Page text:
R' is --H, --R or --(CO)--R, independently,

m=0 to 3,

n=1 to 3,

p=2 to 4, and

q=0 to 3.

Preferred compounds have m+n+q=2 to 4.

DETAILED DESCRIPTION OF THE INVENTION

This invention describes a new class of edible fat mimetics comprising amide/amine ester derivatives of the formula ##STR3## where B is an aliphatic group having 2 to 6 carbons

each R is independently, an aliphatic group having 1 to 23 carbons,

Q is --N(R')-- or --O--(CH2)p --N(R')--,

R' is --H, --R or --(CO)--R, independently,

m=0 to 3,

n=1 to 3,

p=2 to 4, and

q=0 to 3.

The compounds of this invention comprise aliphatic backbones (B) to which are attached at least one and as many as three (n) aliphatic or acyl groups (R') in amide, aminoalkyl ester, or oxyalkyl amide linkage (--(CO)--Q--, with Q as defined above); zero to three (m) aliphatic groups (R) in conventional ester linkage (--O(CO)--); and zero to three (q) aliphatic R groups in reversed ester linkage (--(CO)--O--).

Aliphatic backbone B has 2 to 6 carbons, and may be linear or branched, saturated or unsaturated. Backbone B may be derived from a polyfunctional structure such as an hydroxycarboxylic acid or the like using any one of a number of synthetic schemes summarized at the end of this section.

Zero to 3 (m) aliphatic R groups are attached to backbone B in conventional ester linkage as compared to triglycerides. The R groups so attached may be derived by esterifying hydroxyl groups on backbone B precursor compounds with fatty acids. By "fatty acids" is meant organic acids of the formula RCOOH. Fatty acids may be natural or synthetic, saturated or unsaturated. Example fatty acids include, but are not limited to, acetic, propionic, butyric, caproic, caprylic, pelargonic, capric, undecanoic, lauric, myristic, palmitic, stearic, arachidic, palmitoleic, oleic, vaccenic, linoleic, linolenic, eleostearic, arachidonic, eicosapentaenoic, and the like acids.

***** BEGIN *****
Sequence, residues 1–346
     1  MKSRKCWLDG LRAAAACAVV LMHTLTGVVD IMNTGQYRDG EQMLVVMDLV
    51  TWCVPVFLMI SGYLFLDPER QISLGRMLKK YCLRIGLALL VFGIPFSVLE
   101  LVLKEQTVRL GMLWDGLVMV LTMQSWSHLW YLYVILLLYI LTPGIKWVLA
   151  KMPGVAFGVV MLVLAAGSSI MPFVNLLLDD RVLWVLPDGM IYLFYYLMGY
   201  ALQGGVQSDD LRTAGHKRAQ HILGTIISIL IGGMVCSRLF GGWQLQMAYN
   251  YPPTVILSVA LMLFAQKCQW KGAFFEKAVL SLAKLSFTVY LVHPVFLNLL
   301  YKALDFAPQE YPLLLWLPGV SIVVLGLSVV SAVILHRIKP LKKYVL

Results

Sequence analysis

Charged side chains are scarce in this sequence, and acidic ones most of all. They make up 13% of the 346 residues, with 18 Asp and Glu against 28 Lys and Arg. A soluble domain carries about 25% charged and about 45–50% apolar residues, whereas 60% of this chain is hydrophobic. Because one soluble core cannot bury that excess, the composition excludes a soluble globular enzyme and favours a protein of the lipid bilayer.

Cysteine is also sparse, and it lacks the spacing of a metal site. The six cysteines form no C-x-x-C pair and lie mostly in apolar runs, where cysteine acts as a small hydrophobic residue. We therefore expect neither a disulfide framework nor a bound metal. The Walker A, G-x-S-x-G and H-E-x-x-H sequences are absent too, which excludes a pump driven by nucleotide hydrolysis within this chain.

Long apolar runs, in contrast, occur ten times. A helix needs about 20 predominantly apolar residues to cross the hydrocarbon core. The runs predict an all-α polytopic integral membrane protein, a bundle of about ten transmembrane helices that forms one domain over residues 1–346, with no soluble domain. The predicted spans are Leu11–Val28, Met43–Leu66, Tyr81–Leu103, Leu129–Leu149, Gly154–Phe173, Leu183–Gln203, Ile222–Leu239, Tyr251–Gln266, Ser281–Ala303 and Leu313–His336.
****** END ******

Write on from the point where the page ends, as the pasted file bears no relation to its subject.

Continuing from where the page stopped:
Mixtures of fatty acids may also be used, such as those obtained from the hydrolysis of non-hydrogenated, partially hydrogenated or fully hydrogenated soybean, safflower, sunflower, high oleic sunflower, sesame, peanut, corn, olive, rice bran, canola, babassu nut, coconut, palm, palm kernel, lupin, nasturtium seed, mustard seed, cottonseed, low erucic rapeseed or marine oils. Fatty acids derived from other fats, such as dairy butterfat, tallow or lard, or plant waxes such as jojoba may be employed. Specific fractions of natural or processed oils, fats or waxes may also be used, such as, for example, high (above 40 C.), low (below 10 C.) or middle (0 to 40 C.) melting fractions.

Zero to three (q) aliphatic R groups are attached to backbone B in reversed ester linkage as compared to triglycerides. The R groups so attached may be derived by acylating carboxylic groups on backbone precursor compounds with fatty alcohols. By "fatty alcohol" is meant a compound of the formula RCH2 OH, wherein R is an aliphatic group that is saturated or unsaturated, branched or straight chain. Example fatty alcohols have similar chain lengths and configurations as their fatty acid counterparts listed above, and include propyl, butyryl, hexyl, caprylyl, pelargonyl, capryl, undecanyl, lauryl, myristyl, palmityl, stearyl, arachidyl, palmitoleyl, oleyl, vaccenyl, linoleyl, linolenyl, eleostearyl, arachidonyl, eicosapentaenyl, and the like alcohols. Fatty alcohols obtained from natural or processed oils, fats, and waxes mentioned above, and specific fractions thereof, may also be employed.